Post-Thanksgiving spot freight — mixed pictures for flatbed, dry van, reefer

Updated Dec 28, 2020

Truckload volumes bounced back after Thanksgiving — the number of available loads increased 93% week over week to close out last week, ending Dec. 6. That’s according to DAT Freight & Analytics, which operates the DAT online marketplace for spot truckload freight.

Such big swings are typical for comparisons of a full workweek to a reduced one. But more telling is that there’s nearly double the number of available loads on the DAT load board network compared to this time last year. The number of truck posts, meanwhile, is down 9.7% year over year.

Dry Van and Reefer Load-to-Truck Ratio monthly graph from December 2018 thru November 2020

While spot rates have been setting records, there are signs that pricing is beginning to soften for the first time in more than seven months.

National average rates, December through the 6th
Spot rates held up well last week compared to the November averages:

**Van: $2.52 per mile, 8 cents higher than November
**Reefer: $2.71 per mile, 2 cents more than November
**Flatbed: $2.43 per mile, the same

Some trends to watch

Post-Thanksgiving lull for reefers
Rates and load movement dipped on DAT’s top 72 reefer lanes by volume. The average rate as of Dec. 6 was higher on just 17 lanes, 54 lanes were down, and one was unchanged. Volumes on these lanes decreased 11% compared to the previous week, a sign that the reefer market may have hit the peak expected around Thanksgiving.

The national average reefer load-to-truck ratio increased to 9.0, up from 6.3 the previous week.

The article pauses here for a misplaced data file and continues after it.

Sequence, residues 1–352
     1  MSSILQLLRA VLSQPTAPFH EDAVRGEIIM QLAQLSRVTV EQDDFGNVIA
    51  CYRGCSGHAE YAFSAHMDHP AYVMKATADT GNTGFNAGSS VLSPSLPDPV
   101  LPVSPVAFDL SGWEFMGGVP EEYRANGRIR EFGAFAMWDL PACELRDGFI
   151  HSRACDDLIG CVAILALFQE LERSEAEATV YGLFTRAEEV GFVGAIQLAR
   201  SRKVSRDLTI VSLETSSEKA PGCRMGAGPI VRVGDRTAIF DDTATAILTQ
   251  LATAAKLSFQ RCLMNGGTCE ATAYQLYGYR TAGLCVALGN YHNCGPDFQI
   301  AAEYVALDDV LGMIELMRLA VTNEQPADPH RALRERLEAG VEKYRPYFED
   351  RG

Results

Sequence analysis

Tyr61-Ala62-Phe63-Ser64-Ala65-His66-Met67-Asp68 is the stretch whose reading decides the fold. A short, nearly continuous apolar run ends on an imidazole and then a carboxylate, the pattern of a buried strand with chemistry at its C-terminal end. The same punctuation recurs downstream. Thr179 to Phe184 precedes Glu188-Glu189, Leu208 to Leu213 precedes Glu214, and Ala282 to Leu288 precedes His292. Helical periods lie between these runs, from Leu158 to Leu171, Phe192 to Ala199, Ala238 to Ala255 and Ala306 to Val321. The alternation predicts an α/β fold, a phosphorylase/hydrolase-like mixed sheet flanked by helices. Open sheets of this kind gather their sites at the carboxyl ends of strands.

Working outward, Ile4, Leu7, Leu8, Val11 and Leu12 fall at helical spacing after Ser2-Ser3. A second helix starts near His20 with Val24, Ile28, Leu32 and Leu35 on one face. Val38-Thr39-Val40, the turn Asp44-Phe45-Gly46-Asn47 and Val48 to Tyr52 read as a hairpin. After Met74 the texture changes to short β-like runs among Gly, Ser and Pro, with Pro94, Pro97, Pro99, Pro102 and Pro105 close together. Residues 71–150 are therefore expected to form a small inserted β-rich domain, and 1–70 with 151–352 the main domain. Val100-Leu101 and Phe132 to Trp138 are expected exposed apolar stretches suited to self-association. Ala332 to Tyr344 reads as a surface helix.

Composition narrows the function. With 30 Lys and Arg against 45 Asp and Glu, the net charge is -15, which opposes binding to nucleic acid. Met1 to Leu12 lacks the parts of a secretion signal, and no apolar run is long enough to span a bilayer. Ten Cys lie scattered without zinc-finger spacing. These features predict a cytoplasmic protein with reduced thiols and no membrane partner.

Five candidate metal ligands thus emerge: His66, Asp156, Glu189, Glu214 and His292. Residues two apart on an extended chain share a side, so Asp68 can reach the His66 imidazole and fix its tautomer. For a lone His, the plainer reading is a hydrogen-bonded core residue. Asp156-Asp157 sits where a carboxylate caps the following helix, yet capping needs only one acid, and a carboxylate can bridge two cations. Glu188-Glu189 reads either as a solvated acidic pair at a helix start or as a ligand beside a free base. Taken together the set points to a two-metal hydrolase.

Load-to-truck ratios represent the number of loads for every truck posted on DAT load boards. Changes often signal impending changes in rates.

On a year-over-year basis, reefer load post volumes are up 53%. However, the total volume of reefer freight is lower year over year, largely because of the depressed food services sector. According to last week’s U.S. Dept. of Agriculture data, domestic loads of produce (which account for 53% of total produce volume) are down 18% year over year.

Van movements reflect retail changes
Dry van load postings spiked to a five-year high last week, up 21% compared to the weekly average for the prior two months. At the same time, 8% fewer trucks were posted compared to the weekly average for all of October and November.

The national average van load-to-truck ratio was 5.9, up from 3.8 the previous week and well ahead of the November average of 4.5.

The number of loads moved on DAT’s top 100 van lanes by volume increased 6.7% compared to the previous week and the average outbound spot rate was higher on 53 of those lanes. Twenty-five lanes were neutral and 22 saw rates fall.

One surprise: Los Angeles and Ontario, California, have been among the top three van markets for volume during most of October and November but fell out of the top 10 last week. Capacity has been tight in southern California following the surge in imports on the transpacific shipping lane from Asia, driving up spot rates. But last week the supply/demand balance shifted and outbound rates fell in both markets.

Flatbed demand declines slightly
Of DAT’s top 78 flatbed markets, the average outbound rate was higher in 25, lower in 23, and neutral in 30 last week, and the number of loads moved in those markets declined by 3.6%. Rates in most high-volume markets have been flat over the last two weeks, though several stand out for their ups and downs since Nov. 20:

**Jacksonville, Florida: $2.64 a mile, up 20 cents
**Raleigh, North Carolina: $2.68, up 9 cents
**Rockford, Illinois: $3.19, down 12 cents
**Harrisburg, Pennsylvania: $3.64, down 9 cents
**Roanoke, Virginia: $3.18, down 9 cents

The flatbed load-to-truck ratio was 35.8 as a national average, up from 24.9 the previous week.

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